How to Do Things with Emotions” is a welcome corrective to Anglophone philosophy’s tendency to frame Western presumptions as universal. And it presents an appealingly sensible moral program. Flanagan instructs us to begin by acknowledging the cultural contingency of our emotional outlook and to proceed by modifying our unruly inner lives, eliminating vengeful impulses and instilling a propensity for shame in the face of moral transgression. Yet we may wonder how many people are capable of exercising so much control over their feelings. It is usually rash to conflate our espoused ideals with our actual practice; Seneca’s vaunted Stoicism didn’t prevent him from bellyaching when he was exiled. Few will defend vindictiveness for its own sake—but many of us fall prey to it, out of spite.

And what if we could learn to forfeit the pleasures of pettiness and perversity? Political life might plod on unchanged. Private fractiousness, unseemly as it is, may have less to do with Donald Trump’s rise to power, say, than with any number of structural factors, among them the arrangement of the Electoral College and the dissemination of misinformation by right-wing news outlets. Even if emotions involve external actions, not simply interior states, the behavior of scattered individuals may have only a minor effect on the institutions that shape our lives and constrain our conduct.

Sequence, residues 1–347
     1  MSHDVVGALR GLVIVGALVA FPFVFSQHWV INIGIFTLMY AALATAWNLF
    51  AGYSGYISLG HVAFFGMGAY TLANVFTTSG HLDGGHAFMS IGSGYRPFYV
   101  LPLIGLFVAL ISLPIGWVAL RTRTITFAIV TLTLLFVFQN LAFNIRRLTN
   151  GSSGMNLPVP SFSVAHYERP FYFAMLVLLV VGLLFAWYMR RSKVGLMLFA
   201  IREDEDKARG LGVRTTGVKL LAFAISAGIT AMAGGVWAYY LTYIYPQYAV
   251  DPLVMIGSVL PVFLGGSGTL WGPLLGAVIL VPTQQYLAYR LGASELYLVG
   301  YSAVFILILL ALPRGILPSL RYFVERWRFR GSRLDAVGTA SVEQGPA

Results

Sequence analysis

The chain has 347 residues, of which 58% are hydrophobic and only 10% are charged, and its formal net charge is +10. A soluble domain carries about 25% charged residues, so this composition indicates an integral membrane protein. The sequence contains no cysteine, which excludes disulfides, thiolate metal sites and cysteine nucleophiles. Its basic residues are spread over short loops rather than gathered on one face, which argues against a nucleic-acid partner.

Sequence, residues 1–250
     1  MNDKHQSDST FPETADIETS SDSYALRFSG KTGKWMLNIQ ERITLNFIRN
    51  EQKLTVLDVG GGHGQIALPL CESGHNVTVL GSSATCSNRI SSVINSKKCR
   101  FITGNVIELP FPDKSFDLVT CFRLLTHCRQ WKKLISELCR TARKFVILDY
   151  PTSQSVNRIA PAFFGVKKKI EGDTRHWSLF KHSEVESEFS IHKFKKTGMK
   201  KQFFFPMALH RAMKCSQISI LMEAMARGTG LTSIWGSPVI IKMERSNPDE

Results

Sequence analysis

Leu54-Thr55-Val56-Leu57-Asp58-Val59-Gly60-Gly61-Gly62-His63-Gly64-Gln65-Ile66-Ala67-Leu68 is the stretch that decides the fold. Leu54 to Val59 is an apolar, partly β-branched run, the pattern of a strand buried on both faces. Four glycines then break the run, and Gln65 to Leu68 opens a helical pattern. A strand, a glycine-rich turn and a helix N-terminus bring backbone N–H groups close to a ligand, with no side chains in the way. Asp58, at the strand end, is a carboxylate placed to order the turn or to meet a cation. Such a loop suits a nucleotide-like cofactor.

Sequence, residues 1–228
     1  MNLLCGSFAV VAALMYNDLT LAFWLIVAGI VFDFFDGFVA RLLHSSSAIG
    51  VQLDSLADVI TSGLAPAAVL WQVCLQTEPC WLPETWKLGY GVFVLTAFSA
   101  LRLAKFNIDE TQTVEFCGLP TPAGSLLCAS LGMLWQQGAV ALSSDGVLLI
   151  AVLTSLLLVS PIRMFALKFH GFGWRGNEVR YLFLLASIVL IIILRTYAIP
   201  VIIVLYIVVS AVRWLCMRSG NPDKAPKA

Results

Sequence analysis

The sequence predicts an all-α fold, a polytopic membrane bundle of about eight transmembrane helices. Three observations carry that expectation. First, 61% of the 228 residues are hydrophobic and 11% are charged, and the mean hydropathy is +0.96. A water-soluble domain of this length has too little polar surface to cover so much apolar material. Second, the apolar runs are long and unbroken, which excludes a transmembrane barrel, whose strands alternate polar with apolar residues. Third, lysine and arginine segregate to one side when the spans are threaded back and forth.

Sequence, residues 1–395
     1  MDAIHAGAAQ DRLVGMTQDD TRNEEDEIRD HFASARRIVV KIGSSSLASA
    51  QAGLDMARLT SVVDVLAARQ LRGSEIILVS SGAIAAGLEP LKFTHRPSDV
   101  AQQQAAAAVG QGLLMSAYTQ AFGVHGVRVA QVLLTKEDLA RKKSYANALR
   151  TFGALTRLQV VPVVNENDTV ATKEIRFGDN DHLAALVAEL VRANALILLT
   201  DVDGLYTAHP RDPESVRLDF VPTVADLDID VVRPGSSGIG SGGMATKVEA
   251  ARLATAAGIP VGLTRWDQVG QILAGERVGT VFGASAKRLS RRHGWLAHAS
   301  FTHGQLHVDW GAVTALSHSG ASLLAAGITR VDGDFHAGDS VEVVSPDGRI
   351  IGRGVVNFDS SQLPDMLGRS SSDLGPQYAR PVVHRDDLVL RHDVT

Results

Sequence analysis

Besides, if the scripts that define our emotions are social, then personal reform cannot be expected to kick off an about-face. We can adjust our behavior, but we cannot change the nature of emotions until we overhaul the rituals bound up with them. Because, by Flanagan’s own account, shame is parasitic on the norms it polices, “How to Do Things with Emotions” gets the proper order of operations backward: to reinvent shame, we must first reimagine those norms.

Shame, as Flanagan sometimes appears to forget, is an effective weapon only when it is brandished against those who already inhabit a shared ethical universe. If politicians on the other side of the aisle strike Flanagan as shameless, that’s not because of any shame shortage but because they are not bound by the norms he favors. When Representative Liz Cheney, of Wyoming, remarked that “anyone who denies the truth of what happened on January 6th ought to be ashamed of themselves,” the Fox News commentator Tucker Carlson countered that she was the one who “should be ashamed.” A mere increase in the total volume of shame in circulation would not result in the social betterment that “How to Do Things with Emotions” envisions; big feelings do not guarantee big changes.